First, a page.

gms | German Medical Science

68th Annual Meeting of the German Society of Neurosurgery (DGNC)
7th Joint Meeting with the British Neurosurgical Society (SBNS)

German Society of Neurosurgery (DGNC)

14 - 17 May 2017, Magdeburg

Perfusion-CT as a routine diagnostic tool in polytrauma patients with traumatic brain injury: a 9-month experience

Meeting Abstract

  • Mario Mühmer - Neurochirurgie, Sankt Gertruaden Krankenhaus, Berlin, Deutschland
  • Christopher Munoz-Bendix - Neurochirurgische Klinik, Universitätsklinikum Düsseldorf, Düsseldorf, Deutschland
  • Daniel Remmel - Neurochirurgische Klinik, Universitätsklinikum Düsseldorf, Düsseldorf, Deutschland
  • Robert Pannewitz - Neurochirurgische Klinik, Universitätsklinikum Düsseldorf, Düsseldorf, Deutschland
  • Hans-Jakob Steiger - Universitätsklinikum Düsseldorf, Neurochirurgische Klinik, Düsseldorf, Deutschland
  • Philipp Jörg Slotty - Neurochirurgische Klinik, Universitätsklinikum Düsseldorf, Düsseldorf, Deutschland

Deutsche Gesellschaft für Neurochirurgie. Society of British Neurological Surgeons. 68. Jahrestagung der Deutschen Gesellschaft für Neurochirurgie (DGNC), 7. Joint Meeting mit der Society of British Neurological Surgeons (SBNS). Magdeburg, 14.-17.05.2017. Düsseldorf: German Medical Science GMS Publishing House; 2017. DocDI.24.03

doi: 10.3205/17dgnc317, urn:nbn:de:0183-17dgnc3175

Published: June 9, 2017

© 2017 Mühmer et al.
This is an Open Access article distributed under the terms of the Creative Commons Attribution 4.0 License. See license information at



Objective: Secondary brain injury following severe traumatic brain injury (TBI) likely significantly contributes to overall TBI outcome. Perfusion deficits are thought to play an important role; these are at least partly triggered by local or global ICP increase. Perfusion-CT (PCT) is already established as an objective and sensitive examination tool to asses overall and local brain perfusion. We sought to determine the benefit of Perfusion-CT as an initial diagnostic tool after TBI in an emergency room setting suitable to support therapeutic decisions.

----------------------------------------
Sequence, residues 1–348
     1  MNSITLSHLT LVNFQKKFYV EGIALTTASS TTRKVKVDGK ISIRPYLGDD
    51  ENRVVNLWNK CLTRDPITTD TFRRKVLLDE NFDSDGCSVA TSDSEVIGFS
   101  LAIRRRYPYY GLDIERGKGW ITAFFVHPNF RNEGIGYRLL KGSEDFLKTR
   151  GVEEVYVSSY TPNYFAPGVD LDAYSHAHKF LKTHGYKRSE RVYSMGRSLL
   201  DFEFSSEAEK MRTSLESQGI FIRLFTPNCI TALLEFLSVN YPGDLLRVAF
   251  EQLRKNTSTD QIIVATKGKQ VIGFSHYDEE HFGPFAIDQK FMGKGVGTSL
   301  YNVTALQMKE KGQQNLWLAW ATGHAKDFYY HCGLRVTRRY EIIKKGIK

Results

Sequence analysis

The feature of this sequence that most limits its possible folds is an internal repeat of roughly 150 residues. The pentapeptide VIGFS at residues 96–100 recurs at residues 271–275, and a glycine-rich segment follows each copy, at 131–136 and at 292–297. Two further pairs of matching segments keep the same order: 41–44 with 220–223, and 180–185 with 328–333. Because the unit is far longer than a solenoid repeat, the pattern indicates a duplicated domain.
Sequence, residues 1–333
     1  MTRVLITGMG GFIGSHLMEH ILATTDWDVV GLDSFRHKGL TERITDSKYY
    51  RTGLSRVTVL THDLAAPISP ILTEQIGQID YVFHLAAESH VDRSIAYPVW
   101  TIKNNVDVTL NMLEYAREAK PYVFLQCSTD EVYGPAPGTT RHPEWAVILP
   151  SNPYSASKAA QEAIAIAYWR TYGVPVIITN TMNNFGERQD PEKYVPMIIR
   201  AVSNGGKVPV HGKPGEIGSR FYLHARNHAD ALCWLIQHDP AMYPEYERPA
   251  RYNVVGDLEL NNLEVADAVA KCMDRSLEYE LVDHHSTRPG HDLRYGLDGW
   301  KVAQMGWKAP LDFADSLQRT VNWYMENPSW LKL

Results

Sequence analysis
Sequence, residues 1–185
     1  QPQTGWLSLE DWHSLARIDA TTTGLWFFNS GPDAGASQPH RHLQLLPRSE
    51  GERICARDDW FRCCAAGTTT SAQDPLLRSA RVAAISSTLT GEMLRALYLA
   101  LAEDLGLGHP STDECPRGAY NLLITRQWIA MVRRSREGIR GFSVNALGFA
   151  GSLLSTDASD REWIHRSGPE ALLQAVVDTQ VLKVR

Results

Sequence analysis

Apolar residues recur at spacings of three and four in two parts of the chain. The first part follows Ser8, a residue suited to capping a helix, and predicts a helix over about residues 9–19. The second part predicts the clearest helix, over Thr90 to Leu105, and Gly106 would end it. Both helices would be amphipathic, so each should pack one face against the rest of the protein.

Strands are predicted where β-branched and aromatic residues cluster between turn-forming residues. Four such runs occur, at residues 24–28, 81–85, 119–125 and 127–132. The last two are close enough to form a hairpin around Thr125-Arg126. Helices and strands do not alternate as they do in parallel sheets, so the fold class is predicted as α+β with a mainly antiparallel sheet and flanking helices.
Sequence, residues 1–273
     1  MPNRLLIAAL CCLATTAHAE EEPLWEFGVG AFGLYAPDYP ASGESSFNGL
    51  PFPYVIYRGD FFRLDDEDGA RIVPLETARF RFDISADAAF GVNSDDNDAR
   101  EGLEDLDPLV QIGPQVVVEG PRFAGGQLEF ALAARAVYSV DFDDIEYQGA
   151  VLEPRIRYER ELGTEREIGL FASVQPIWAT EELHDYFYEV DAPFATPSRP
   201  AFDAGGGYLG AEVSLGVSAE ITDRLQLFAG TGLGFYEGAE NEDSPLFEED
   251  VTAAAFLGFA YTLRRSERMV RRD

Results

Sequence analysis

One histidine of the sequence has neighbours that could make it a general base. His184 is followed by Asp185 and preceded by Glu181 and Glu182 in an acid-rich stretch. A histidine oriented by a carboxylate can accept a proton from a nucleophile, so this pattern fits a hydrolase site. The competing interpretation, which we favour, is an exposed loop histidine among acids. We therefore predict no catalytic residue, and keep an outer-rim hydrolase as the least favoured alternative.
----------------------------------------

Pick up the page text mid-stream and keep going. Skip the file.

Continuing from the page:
Methods: We introduced the use of Perfusion-CT as part of our standard diagnostic protocol after TBI. We prospectively analyzed every patient above 18 years of age in a 9-month period (January through September 2016) after TBI and a Glasgow Coma Scale (GCS) ≤ 8.The PCT was obtained right after the non-contrast CT scan of the head and before the following diagnostics of the cervical spine and whole body scan.

Results: From the 42 patients evaluated, 28 were male and 14 female. Mean age was 57.4 years. Median GCS was 3. A total of 17 patients (40.5%) had an acute subdural hematoma (aSDH), 10 (23.8%) had cerebral contusions, 1 (2.4%) had an epidural hematoma, 7 (16.7%) had a concussion, 4 (9.5%) had traumatic subarachnoid hemorrhage and 3 (7.1%) an intraparenchymal hemorrhage. None of the patients presented adverse events due to the contrast agent. Delays in therapeutic decision were not considered significant by the local joint trauma team. A significant increase in mean transit time (MTT) was observed comparing the injured hemisphere with less/non-injured hemisphere in the whole population investigated (40.8 ds vs. 36.2 ds, p=0.26). When comparing different pathologies this effect was only seen in aSDH (48.5 ds vs. 36.8 ds, p = 0.028). None of the other perfusion parameters did show significant differences.

Conclusion: Perfusion-CT as an initial diagnostic tool after TBI seems to be safe, efficient and feasible method to obtain additional information of brain tissue at risk in these patients. In aSDH a clear increase in MTT on the effected hemisphere is observed. The ongoing detailed analysis of the perfusion changes observed might improve pathophysiological understanding and decision making in trauma care.